This page addresses some general issue regarding researching the Gooch families in Virginia. You may jump to pages with more specific Gooch family histories as listed below:


Click on names to jump to individual family biographies
  • Granville, NC Gooch families
  • Family of Rowland & Unity Gooch of Louisa County, Virginia
  • Family of Stephen & Mary (Pollard) Gooch of Louisa County, Virginia
  • Thomas Gooch of 18th century Louisa County, Virginia
  • The Gooch Family of Alblemarle County, Virginia
  • The Gooch Family of Caswell County, North Carolina
  • Billy Gosling Gooch & the Gooch Family of Kershaw Co., SC


    So much information has been passed around over the years concerning the Gooch family that this page is my attempt to sort through these works and take an objective look at what the facts really are and what they tell us. Most family histories are a tangle of family myths, in Virginia genealogy the tangles are made greater due to the huge void in history left by the loss of records in the American Revolution, the Civil War, and through neglect. So much is missing, that I think it is safe to say that at this time, few if any of the Gooch families of Virginia can confidently trace their origins back to any of the original emigrants. I state this not to discourage you, but merely as a honest observation on the existing work that has been done. There may still be records buried in the Virginia archives, in private papers, or in English records that might help establish family groups, but for now this information has not surfaces. I encourage anyone out there to continue looking and re-evaluating what is now known in order to bring new understanding to this topic.

    What has been written about the Gooches?

    Interest in the family history of the Gooch family appears to have surfaced in the second quarter of the 20th century. There are two types of records that early family historians left for us. One type of record is a standard type of written family history in which the authors attempted to document the family lineage back to England. The second type of document are DAR applications in which members were required to provide proof of direct descent from an American Patriot. There are pitfalls to both of these types of family record, which I will address in this section.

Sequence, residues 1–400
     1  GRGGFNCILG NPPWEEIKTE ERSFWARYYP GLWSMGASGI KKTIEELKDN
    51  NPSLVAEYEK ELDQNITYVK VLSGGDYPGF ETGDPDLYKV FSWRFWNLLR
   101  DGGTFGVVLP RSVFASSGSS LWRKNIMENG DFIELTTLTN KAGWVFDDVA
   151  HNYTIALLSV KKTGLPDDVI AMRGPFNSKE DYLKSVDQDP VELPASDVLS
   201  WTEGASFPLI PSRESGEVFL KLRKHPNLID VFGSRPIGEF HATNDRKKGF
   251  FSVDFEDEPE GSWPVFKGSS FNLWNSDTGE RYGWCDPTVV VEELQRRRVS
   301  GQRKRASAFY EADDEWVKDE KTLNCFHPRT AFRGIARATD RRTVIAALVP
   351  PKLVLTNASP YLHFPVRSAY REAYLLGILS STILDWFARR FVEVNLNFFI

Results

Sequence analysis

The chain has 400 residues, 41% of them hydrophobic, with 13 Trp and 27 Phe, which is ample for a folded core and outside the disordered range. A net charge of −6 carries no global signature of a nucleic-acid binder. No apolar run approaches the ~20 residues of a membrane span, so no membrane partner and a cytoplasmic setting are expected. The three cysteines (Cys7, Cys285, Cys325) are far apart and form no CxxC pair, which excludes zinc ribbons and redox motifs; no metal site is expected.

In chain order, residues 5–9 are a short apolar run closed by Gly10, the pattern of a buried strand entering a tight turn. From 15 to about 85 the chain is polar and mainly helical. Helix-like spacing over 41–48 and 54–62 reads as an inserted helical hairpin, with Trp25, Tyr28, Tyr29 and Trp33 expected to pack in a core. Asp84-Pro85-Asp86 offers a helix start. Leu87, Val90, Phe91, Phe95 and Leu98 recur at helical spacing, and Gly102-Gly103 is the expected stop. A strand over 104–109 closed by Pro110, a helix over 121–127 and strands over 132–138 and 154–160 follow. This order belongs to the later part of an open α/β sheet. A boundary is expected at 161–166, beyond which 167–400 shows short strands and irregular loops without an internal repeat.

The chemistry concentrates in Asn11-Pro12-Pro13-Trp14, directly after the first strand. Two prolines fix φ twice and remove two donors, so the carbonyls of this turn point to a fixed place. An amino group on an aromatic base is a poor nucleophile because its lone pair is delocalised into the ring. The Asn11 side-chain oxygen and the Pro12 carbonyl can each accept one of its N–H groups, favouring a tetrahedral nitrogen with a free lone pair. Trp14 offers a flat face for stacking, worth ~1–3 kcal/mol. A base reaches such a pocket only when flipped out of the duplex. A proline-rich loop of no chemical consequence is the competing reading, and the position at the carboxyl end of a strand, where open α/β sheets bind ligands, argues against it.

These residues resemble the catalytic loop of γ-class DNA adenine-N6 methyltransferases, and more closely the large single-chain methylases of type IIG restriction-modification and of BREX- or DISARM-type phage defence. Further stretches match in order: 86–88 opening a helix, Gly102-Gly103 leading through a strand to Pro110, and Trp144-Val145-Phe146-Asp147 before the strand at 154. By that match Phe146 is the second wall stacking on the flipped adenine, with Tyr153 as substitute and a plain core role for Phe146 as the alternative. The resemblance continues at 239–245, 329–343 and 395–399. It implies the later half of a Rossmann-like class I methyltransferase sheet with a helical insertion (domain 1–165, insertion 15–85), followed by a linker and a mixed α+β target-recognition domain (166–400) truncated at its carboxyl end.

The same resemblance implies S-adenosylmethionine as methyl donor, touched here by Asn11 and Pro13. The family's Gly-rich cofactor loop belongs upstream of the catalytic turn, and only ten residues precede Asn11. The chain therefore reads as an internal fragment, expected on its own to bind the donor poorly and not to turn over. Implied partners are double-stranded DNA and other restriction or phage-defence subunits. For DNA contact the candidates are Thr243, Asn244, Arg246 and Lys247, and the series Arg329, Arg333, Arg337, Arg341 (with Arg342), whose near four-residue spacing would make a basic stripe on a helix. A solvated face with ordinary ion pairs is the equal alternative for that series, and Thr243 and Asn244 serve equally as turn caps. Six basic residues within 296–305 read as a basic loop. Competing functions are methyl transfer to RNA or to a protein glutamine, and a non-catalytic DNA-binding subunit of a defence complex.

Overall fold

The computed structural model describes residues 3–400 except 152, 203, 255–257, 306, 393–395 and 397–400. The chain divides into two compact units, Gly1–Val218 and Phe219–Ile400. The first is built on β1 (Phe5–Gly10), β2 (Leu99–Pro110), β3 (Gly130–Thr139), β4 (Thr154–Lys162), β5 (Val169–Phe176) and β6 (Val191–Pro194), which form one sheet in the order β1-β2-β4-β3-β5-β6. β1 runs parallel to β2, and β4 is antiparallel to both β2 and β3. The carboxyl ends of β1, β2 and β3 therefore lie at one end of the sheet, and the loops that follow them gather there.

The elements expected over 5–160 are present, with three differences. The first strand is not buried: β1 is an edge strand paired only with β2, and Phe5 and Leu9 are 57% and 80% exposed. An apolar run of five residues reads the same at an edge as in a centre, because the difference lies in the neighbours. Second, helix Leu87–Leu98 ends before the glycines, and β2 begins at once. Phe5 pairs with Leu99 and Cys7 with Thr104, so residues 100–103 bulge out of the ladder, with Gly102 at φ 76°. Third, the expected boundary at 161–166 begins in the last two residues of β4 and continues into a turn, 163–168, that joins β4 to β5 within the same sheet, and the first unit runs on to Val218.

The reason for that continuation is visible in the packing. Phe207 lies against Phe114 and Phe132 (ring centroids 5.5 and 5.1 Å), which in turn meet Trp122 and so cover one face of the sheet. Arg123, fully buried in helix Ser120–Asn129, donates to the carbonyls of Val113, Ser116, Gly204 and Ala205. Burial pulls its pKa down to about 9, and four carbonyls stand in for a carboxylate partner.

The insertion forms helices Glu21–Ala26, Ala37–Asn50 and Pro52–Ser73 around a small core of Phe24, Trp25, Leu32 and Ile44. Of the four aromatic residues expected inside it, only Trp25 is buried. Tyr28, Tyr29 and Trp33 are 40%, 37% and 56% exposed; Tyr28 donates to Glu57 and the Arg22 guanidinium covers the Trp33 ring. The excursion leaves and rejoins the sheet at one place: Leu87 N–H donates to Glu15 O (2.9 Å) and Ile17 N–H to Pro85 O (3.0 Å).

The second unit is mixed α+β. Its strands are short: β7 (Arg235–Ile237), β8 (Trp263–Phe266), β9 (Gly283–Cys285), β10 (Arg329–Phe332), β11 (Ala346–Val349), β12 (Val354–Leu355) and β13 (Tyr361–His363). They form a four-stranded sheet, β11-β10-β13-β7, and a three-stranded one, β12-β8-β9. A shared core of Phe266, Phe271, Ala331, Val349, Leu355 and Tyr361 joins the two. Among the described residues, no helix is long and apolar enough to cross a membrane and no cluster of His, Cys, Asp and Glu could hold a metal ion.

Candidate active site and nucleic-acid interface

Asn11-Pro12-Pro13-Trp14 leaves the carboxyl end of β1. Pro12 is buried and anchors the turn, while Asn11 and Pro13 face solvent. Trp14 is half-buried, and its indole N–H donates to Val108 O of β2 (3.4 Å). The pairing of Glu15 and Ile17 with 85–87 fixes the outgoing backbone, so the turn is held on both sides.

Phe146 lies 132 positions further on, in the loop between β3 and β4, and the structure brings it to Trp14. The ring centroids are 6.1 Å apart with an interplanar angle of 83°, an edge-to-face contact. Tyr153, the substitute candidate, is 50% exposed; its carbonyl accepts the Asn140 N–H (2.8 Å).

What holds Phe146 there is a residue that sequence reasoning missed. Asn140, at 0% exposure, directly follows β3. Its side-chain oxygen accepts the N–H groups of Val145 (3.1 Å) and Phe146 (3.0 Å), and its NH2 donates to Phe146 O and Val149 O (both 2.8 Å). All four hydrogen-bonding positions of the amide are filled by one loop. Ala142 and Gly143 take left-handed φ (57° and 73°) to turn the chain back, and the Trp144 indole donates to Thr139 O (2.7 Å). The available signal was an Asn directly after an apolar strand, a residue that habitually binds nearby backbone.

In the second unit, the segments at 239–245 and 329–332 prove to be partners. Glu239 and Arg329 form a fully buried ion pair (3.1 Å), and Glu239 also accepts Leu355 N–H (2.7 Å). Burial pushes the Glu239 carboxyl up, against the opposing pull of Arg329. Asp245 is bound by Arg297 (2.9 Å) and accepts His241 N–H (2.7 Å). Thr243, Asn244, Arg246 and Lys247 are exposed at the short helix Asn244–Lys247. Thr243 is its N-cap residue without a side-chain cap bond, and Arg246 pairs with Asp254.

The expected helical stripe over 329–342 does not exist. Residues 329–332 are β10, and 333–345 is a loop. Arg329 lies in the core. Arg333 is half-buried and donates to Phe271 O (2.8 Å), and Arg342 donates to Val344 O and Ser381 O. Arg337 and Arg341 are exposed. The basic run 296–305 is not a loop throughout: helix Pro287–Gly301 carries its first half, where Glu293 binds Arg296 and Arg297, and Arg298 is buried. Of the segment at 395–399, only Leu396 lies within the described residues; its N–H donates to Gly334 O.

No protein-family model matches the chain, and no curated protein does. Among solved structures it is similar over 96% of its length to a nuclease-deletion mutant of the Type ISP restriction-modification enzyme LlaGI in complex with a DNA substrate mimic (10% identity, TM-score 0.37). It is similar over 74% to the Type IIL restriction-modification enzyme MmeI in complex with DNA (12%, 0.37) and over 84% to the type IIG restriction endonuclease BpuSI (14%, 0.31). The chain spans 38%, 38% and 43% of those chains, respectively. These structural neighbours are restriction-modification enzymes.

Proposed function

Much of the early interest in Gooch family history interest appears to be related to enrollment of several women in the DAR under a Gooch ancestor. At that time, the DAR was more of a social organization and the standards for documenting family lineage was not very high. The social character of the DAR influence the types of lineages that were submitted and early application all reference Gov. Gooch, though he was a pre-Revolutionary figure and not relevant to the membership. However, the need to include him was part of a "gentrification" of this family's lineage and began the myth of a family connection to the Gooches of Suffolk. All of the DAR applications that I have found between 1919 and 1944 belong to descendants of a Gooch family in Granville County, NC which origins in Caroline County, Virginia. My review of these records indicate that accurate family history in this branch did not extend beyond Daniel Gooch (1756-1837), except that Daniel's father Joseph is generally identified. Many of these DAR applications also mis-identified a connection to the only titled Gooch family, the descendants of Gov. William Gooch of Virginia whose title and home in Suffolk has been passed down through his brother's line (see my section on Gov. Gooch). The incorrect association with Gov. Gooch clearly indicates that these women did not really know much about the early Gooch's in Virginia and if they did hire or conduct a search on their ancestors, scholarly standards were not maintained. Susie Gooch Caudle was the first to apply to the DAR [application #149404]. Caudle's son was a senior government official in Washington, DC and Caudle probably joined the DAR for social reason, thus Mrs. Caudle added the unestablished link to the Suffolk Gooch family to dress up her family pedigree. This mistaken association continues in most of the applications preceding Mrs. Caudle's application. To date, I have found no other DAR applications for other branches of the Gooch family outside of the Granville line.